- The Washington Times - Tuesday, March 20, 2012

A top Haitian lawyer is perplexed by U.S. Ambassador Kenneth H. Merten, who has stoked controversy over whether Haitian President Michel Martelly holds U.S. citizenship in violation of Haiti’s constitution.

Stanley Gaston, president of the Port-au-Prince Bar Association, on Monday questioned why Mr. Merten invoked U.S. privacy laws when he discussed Mr. Martelly’s citizenship at a news conference with the Haitian president last week.

“Listen to me good,” Mr. Gaston told reporters in the Haitian capital. “If President Martelly is not an American citizen, then the United States doesn’t have to go into this debate at all.”

At last week’s news conference, Mr. Merten said: “President Martelly is not American. He is Haitian.”

The ambassador, however, also appeared to obfuscate matters by adding that U.S. privacy laws are “very strict.”

“I don’t have the right to discuss the file, whether they are a president or one of my friends, without the permission of the person concerned,” Mr. Merten was quoted as saying.

His reference to a “file” was not explained.

A Haitian parliamentary commission is investigating allegations that Mr. Martelly might hold dual U.S.-Haitian citizenship or might have renounced his Haitian citizenship before he ran for president last year.

In either case, he would be ineligible to hold his office.

Before he ran for president, Mr. Martelly was an entertainer who frequently performed in Miami. He owns a house in Palm Beach, Fla.

Mr. Gaston noted that the ambassador’s comment adds to the confusion of the situation, which was muddled earlier by a statement from a top aide to Secretary of State Hillary Rodham Clinton on a recent visit to Haiti.

Cheryl Mills, Mrs. Clinton’s chief of staff, also referred to U.S. privacy laws in a discussion with a member of the Haitian commission investigating Mr. Martelly.

“According to the law of the United States that protects the private lives, American institutions do not have the authority to give information concerning its citizens,” Ms. Mills was quoted as saying.

Mr. Gaston noted that American officials have no responsibility to abide by U.S. privacy laws if they are not discussing U.S. citizens..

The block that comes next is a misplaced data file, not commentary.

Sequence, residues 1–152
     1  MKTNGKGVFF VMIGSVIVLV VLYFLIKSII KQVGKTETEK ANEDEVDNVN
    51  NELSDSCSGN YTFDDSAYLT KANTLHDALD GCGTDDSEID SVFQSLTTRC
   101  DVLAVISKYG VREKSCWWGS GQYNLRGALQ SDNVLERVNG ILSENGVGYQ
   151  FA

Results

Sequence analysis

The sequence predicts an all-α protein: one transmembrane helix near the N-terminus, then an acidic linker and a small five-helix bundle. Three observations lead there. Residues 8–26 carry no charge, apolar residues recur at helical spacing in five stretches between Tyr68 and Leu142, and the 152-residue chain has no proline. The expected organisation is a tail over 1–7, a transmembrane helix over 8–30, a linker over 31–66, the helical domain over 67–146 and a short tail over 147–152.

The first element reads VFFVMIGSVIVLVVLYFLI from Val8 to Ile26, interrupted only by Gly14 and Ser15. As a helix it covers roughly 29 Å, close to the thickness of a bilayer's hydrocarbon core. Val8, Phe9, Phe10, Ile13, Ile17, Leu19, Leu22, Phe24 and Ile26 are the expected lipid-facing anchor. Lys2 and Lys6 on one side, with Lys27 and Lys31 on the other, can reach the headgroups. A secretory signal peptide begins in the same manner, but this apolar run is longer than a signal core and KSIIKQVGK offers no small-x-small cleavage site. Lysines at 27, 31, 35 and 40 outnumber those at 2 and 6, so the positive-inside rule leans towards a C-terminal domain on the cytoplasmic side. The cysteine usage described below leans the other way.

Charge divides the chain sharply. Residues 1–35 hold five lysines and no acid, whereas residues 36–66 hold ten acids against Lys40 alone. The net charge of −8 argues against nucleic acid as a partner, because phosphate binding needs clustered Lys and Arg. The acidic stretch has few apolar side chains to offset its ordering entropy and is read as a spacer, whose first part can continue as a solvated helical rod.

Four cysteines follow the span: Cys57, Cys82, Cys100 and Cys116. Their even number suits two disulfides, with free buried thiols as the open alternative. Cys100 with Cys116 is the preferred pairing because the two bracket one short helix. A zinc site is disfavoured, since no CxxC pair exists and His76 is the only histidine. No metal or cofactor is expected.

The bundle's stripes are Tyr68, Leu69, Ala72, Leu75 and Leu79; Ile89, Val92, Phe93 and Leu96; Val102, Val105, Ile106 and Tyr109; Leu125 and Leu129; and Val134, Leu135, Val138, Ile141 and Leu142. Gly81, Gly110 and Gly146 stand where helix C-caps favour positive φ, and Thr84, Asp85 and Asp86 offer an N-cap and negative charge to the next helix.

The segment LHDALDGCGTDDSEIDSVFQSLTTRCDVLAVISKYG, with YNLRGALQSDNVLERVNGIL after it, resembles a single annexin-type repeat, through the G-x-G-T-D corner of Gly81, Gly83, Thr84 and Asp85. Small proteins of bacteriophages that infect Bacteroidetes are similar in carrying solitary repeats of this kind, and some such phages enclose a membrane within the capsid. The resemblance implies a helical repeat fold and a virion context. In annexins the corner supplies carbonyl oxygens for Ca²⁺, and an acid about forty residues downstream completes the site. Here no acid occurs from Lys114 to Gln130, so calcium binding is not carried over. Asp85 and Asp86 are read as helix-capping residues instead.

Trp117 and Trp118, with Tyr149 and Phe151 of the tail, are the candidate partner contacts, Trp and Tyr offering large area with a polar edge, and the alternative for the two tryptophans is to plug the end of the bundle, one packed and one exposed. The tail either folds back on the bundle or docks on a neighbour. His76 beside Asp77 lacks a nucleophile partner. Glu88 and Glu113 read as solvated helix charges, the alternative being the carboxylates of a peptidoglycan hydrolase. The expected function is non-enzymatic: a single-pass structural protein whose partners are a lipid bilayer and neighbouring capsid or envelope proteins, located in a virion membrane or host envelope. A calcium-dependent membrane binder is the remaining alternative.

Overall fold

“When one speaks, a lawyer listens closely with a lot of interest, analyzing what you are saying,” Mr. Gaston said. “What interests me are the things that did not have to be said.”


Leading members of the Russian political opposition are urging Congress to repeal a Cold War-era trade amendment they say is helping President-elect Vladimir Putin and undermining democratic reform.

In an open letter published in Moscow, the seven opposition leaders said the 1974 Jackson-Vanik amendment also hurts Russia’s ability to compete in international markets and increases the country’s reliance on oil and other fossil fuels controlled by Mr. Putin and his cronies.

“Some politicians in the United States argue that the removal of Russia from Jackson-Vanik would help no one but the current Russian undemocratic political regime. That assumption is flat wrong,” they said.

“At the end of the day, those who defend the argument that Jackson-Vanik’s provisions should still apply to Russia in order to punish Putin’s anti-democratic regime only darken Russia’s political future, hamper its economic development, and frustrate its democratic aspirations.”

The U.S. trade barrier was established to punish the Soviet Union for refusing to allow Jewish citizens to immigrate.

The letter was signed by: Sergey Aleksashenko, Boris Nemtsov and Vladimir Ryzhkov of the People’s Freedom Party; Alexander Lebedev, an independent businessman and politician; Vladimir Milov, leader of the Democratic Choice movement; Alexey Navalny, a lawyer and civic activist; and Ilya Ponomarev of the party A Just Russia.

Call Embassy Row at 202/636-3297 or email jmorrison@washingtontimes.com. The column is published on Mondays, Wednesdays and Fridays.

• James Morrison can be reached at jmorrison@washingtontimes.com.

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